• It takes prayer. That is what clarifies vision and keeps us on track. What God will do is what counts.
  • It takes grace. Duty alone is not enough. And the grace we experience in our own families and teams communicates volumes.
  • It takes a team with multiple skills and a unified vision.
  • It has to build on what God has done through the ages in that country. Good training in missiology and history is essential.
  • It should build on what God is already doing there—cooperating with other churches and missions.

“The goal is not to establish your own church, but to lead others in establishing a Biblical church built fully on the Reformed historical foundation that brought the gospel to them,” said Quarterman. “This will mean teaching in humility and repentance. It will also lead to conflicts with some of the emerging leaders. It will mean discovering some wolves among the sheep (Acts 20:30), and defending the flock from wolves who attack from outside (Acts 20:29). In the end, it will mean letting go, as the Apostle Paul turned over the work to the Ephesian elders with tears, saying, ‘And now I commend you to God and the word of his grace, which is able to build you up and to give you the inheritance among all those who are sanctified’ (Acts 20:32).”

Working toward the goal
Back in Uruguay, the Calls and their OPC teammates are still quite a ways off from that point of letting go. For the moment, their focus is on just planting their first church and developing associated outreaches. They have a worship service every Sunday, a weekly prayer meeting, an annual VBS, and have started weekly English classes.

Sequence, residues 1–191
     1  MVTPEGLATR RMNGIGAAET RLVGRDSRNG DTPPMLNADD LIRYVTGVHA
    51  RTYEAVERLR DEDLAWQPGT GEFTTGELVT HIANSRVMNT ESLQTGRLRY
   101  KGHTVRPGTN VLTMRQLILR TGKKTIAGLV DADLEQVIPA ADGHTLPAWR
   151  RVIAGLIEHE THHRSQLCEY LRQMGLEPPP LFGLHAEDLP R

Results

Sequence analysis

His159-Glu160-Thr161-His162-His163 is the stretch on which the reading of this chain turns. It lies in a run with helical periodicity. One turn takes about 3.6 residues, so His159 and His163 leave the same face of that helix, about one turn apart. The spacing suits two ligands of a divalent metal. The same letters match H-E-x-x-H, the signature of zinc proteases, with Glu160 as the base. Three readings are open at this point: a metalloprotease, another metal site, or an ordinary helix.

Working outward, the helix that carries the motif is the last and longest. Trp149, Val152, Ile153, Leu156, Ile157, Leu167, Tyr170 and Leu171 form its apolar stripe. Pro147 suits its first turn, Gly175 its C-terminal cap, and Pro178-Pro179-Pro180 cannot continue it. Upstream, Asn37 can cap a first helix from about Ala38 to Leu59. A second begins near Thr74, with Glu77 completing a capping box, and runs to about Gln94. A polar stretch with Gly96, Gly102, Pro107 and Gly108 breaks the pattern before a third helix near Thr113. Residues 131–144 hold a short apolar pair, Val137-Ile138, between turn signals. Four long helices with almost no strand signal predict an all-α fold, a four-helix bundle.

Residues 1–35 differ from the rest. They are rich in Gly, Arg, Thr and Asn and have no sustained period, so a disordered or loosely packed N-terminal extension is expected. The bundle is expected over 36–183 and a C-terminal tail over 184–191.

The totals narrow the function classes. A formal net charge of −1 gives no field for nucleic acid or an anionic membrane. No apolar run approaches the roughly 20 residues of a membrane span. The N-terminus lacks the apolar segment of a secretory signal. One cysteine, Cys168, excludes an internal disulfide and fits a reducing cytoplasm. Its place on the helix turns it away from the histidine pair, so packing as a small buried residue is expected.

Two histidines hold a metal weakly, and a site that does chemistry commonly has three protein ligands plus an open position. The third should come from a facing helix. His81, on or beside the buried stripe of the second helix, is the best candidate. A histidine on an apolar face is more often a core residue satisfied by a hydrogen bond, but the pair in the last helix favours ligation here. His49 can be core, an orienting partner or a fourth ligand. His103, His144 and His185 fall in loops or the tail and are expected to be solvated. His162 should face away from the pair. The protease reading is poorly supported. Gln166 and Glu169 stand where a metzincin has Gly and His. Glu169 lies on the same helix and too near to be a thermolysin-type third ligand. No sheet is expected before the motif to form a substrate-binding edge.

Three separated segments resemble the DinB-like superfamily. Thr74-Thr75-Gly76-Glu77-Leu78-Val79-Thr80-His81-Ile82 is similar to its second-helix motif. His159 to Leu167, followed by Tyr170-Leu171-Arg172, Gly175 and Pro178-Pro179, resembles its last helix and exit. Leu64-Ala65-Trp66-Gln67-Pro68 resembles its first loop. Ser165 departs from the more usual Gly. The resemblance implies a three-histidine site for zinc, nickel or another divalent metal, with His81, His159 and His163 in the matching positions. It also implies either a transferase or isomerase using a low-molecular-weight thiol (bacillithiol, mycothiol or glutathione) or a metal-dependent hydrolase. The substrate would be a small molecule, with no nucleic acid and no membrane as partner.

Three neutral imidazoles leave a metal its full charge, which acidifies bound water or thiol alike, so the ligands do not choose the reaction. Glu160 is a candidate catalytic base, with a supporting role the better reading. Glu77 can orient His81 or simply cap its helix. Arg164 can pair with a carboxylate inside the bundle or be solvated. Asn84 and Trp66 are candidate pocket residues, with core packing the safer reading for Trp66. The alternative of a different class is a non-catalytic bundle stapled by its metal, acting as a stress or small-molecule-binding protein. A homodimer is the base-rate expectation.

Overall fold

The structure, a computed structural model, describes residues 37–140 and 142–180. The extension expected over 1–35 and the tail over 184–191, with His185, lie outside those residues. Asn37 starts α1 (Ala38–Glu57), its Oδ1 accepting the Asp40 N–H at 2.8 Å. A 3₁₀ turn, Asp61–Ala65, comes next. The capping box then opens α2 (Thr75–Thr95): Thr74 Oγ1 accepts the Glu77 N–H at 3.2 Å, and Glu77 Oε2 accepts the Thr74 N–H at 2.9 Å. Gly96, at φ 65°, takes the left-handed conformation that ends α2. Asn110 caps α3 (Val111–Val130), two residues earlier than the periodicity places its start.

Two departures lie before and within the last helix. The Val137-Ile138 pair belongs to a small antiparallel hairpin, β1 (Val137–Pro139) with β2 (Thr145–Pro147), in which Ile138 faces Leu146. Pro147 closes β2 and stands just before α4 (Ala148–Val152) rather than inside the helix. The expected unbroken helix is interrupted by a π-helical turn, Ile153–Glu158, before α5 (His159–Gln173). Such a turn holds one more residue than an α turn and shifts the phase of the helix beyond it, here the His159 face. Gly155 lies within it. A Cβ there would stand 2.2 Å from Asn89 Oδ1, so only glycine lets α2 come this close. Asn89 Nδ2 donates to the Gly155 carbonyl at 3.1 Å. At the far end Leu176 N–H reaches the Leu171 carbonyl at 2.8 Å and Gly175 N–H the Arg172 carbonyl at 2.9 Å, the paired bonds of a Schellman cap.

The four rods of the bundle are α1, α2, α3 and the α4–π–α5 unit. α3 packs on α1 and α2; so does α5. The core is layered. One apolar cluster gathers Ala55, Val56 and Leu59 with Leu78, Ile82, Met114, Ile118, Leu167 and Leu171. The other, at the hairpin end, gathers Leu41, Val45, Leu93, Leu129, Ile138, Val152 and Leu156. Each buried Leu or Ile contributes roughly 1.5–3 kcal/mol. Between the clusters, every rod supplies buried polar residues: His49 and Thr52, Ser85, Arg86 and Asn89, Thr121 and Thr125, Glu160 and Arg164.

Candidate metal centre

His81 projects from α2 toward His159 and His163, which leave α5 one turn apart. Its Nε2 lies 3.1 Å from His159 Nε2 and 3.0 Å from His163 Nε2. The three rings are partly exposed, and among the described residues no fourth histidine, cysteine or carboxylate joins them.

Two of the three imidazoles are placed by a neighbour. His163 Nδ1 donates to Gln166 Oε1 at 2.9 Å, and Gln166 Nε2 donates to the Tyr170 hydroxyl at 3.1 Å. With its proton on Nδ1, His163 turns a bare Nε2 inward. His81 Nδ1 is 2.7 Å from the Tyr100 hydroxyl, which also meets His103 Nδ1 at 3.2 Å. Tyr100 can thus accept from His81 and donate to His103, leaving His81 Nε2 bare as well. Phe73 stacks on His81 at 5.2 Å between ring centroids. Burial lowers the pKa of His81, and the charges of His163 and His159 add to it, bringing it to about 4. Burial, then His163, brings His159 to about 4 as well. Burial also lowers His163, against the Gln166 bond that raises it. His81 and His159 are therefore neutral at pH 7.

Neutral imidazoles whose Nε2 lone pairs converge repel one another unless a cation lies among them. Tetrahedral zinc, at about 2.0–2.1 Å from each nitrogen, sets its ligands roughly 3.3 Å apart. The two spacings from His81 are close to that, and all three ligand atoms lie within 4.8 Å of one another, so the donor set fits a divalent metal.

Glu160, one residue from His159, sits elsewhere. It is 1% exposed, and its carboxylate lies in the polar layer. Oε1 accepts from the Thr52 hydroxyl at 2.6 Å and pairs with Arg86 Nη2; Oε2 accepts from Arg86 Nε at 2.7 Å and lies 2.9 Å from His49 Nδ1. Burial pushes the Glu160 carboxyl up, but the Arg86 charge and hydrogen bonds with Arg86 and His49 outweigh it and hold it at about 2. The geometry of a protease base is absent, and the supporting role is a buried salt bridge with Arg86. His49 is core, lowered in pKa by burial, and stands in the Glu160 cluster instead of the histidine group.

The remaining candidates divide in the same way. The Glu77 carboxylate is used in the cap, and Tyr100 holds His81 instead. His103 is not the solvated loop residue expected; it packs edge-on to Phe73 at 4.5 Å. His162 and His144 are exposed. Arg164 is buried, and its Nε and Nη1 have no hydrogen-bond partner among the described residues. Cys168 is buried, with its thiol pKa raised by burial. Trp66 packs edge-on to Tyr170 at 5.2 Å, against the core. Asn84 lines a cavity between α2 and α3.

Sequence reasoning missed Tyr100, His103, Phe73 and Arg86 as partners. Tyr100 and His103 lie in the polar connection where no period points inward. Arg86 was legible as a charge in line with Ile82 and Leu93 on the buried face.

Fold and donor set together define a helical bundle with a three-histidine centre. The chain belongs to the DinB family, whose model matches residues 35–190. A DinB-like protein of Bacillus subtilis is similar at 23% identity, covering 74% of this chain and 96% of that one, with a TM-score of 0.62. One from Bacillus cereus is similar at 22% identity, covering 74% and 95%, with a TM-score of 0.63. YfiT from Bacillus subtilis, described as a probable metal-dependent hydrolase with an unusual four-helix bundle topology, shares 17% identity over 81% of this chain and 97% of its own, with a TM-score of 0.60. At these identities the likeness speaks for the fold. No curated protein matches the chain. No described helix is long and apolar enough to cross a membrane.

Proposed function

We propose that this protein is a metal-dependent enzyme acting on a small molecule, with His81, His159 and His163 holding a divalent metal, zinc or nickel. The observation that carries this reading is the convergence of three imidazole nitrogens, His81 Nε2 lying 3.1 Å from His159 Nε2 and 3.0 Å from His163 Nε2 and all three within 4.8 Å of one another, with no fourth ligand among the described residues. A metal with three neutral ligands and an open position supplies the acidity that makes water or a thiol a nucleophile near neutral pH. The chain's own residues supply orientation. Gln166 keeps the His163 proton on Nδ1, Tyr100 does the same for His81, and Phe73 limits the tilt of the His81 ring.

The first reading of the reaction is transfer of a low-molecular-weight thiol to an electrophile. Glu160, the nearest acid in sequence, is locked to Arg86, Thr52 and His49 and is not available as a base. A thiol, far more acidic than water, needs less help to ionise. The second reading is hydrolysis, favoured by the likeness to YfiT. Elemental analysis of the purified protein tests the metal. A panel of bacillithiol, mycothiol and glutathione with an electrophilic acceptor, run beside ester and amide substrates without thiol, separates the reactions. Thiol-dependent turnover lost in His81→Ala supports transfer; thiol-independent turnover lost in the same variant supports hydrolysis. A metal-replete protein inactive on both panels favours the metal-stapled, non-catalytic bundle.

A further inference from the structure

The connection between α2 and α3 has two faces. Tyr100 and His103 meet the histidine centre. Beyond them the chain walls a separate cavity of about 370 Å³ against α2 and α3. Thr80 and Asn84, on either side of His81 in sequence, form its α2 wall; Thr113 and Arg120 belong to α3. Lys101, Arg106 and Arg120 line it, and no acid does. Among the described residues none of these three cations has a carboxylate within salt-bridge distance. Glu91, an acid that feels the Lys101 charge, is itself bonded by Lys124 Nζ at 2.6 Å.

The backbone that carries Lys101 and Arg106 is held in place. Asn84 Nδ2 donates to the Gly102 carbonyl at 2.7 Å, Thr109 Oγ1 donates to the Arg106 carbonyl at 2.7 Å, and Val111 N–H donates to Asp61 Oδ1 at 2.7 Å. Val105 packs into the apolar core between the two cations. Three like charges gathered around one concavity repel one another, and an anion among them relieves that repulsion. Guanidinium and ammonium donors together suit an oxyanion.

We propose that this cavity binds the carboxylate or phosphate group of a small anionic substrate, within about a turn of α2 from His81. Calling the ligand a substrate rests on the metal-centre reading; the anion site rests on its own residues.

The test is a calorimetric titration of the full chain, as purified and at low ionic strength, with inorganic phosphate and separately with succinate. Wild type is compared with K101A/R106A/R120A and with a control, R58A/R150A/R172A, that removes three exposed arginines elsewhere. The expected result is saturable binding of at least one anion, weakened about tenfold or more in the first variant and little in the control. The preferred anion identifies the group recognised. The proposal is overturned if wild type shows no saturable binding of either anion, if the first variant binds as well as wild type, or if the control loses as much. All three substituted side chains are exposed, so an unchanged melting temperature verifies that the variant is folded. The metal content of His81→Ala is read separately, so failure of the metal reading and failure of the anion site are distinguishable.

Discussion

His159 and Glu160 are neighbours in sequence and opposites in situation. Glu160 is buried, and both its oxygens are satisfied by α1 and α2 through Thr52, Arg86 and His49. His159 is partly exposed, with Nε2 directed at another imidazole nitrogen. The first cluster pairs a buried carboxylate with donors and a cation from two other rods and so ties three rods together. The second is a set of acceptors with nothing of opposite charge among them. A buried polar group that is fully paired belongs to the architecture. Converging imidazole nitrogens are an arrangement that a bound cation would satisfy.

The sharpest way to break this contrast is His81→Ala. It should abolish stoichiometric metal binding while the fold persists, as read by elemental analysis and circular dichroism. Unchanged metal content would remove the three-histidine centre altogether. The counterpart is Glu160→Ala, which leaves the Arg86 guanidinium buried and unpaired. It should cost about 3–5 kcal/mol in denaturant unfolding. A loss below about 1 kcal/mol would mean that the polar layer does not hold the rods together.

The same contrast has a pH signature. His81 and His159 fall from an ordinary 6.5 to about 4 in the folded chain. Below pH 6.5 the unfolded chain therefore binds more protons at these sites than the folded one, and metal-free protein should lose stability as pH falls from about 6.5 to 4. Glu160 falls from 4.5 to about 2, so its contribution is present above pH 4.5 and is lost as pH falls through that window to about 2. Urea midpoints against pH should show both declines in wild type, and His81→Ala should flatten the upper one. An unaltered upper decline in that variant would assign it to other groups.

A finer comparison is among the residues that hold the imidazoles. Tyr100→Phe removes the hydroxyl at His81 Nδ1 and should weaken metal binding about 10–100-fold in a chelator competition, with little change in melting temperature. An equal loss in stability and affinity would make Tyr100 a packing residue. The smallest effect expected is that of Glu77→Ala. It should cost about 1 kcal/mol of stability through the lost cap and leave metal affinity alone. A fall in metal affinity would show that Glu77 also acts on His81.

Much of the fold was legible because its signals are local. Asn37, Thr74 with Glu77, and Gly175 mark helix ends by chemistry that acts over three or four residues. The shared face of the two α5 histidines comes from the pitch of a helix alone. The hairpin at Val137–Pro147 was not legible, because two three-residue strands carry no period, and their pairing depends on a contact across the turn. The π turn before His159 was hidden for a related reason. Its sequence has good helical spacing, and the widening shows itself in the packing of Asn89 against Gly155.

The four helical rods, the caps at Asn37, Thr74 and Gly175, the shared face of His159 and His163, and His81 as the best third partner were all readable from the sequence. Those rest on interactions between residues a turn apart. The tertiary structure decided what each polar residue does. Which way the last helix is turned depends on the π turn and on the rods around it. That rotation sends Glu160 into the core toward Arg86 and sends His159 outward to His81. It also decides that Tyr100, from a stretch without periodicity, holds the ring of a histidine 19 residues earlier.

Though a Presbyterian denomination has yet to form, there are two other Reformed Presbyterian churches in Uruguay—one pastored by the Brazilian missionary, another a completely self-governing, self-supporting Uruguayan church. Over time, Ray hopes to build stronger bonds between these churches to form a Presbytery.

Ray’s church, for its part, is still in the early stages.

“I’m excited that we have five new members and two of them were baptized this past February,” said Ray. “It’s really slow going here so that’s huge for us … We’re hoping it goes faster, but it’s all in the Lord’s hands.”

What God will do is what counts
Church planting and denomination development in Uruguay is about playing the long game. It’s more about patience and faithfully following God’s call than about following a playbook for a quick and easy church or a quick and easy denomination.

“There’s no formula,” said Ray. “We want this to be a Uruguayan church. We want to see leaders raised up and see them plant other churches around Montevideo and the rest of Uruguay. Then we could step back and move into more of a helpful, coming-alongside type ministry.”

A full denomination may be a long way off, but Ray and his team labor on with faithful obedience—driven by grace, focused on the Church, confident that the Spirit is at work, and with their eyes on the prize. They’re on the right track, it seems. But in the end it is God who will build a church and a denomination in Uruguay, using one little MTW team and Uruguayans for his purposes along the way.

Andrew Shaughnessy

Andrew Shaughnessy is a long-time word slinger who spent nearly six years as MTW’s staff writer, gathering and telling impact stories from missionaries across the globe. These days, he’s off working as an analyst and editor in the publishing industry, writing fiction, and mountaineering. He holds a B.A. in history and English literature from Covenant College, and an M.S. in political science from Portland State University.